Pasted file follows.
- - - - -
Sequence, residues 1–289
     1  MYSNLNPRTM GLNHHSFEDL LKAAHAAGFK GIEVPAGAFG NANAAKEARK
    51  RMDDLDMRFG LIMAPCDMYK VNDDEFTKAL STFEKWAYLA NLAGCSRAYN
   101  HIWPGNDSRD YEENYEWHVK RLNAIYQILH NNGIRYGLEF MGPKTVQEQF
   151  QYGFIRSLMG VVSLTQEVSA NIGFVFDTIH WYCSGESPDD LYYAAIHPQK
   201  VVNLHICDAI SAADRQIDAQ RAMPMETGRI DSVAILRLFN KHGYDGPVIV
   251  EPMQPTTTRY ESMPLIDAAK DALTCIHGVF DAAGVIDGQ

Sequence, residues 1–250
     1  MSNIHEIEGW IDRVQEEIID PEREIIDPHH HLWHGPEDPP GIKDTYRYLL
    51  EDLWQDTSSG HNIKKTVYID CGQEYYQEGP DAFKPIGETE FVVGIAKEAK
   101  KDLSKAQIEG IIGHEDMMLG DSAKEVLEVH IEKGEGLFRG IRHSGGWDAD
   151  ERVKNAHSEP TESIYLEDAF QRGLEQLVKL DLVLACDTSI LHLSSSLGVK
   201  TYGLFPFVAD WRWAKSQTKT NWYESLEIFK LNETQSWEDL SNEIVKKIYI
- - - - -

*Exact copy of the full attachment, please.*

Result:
Sequence, residues 1–289
     1  MYSNLNPRTM GLNHHSFEDL LKAAHAAGFK GIEVPAGAFG NANAAKEARK
    51  RMDDLDMRFG LIMAPCDMYK VNDDEFTKAL STFEKWAYLA NLAGCSRAYN
   101  HIWPGNDSRD YEENYEWHVK RLNAIYQILH NNGIRYGLEF MGPKTVQEQF
   151  QYGFIRSLMG VVSLTQEVSA NIGFVFDTIH WYCSGESPDD LYYAAIHPQK
   201  VVNLHICDAI SAADRQIDAQ RAMPMETGRI DSVAILRLFN KHGYDGPVIV
   251  EPMQPTTTRY ESMPLIDAAK DALTCIHGVF DAAGVIDGQ

Sequence, residues 1–250
     1  MSNIHEIEGW IDRVQEEIID PEREIIDPHH HLWHGPEDPP GIKDTYRYLL
    51  EDLWQDTSSG HNIKKTVYID CGQEYYQEGP DAFKPIGETE FVVGIAKEAK
   101  KDLSKAQIEG IIGHEDMMLG DSAKEVLEVH IEKGEGLFRG IRHSGGWDAD
   151  ERVKNAHSEP TESIYLEDAF QRGLEQLVKL DLVLACDTSI LHLSSSLGVK
   201  TYGLFPFVAD WRWAKSQTKT NWYESLEIFK LNETQSWEDL SNEIVKKIYI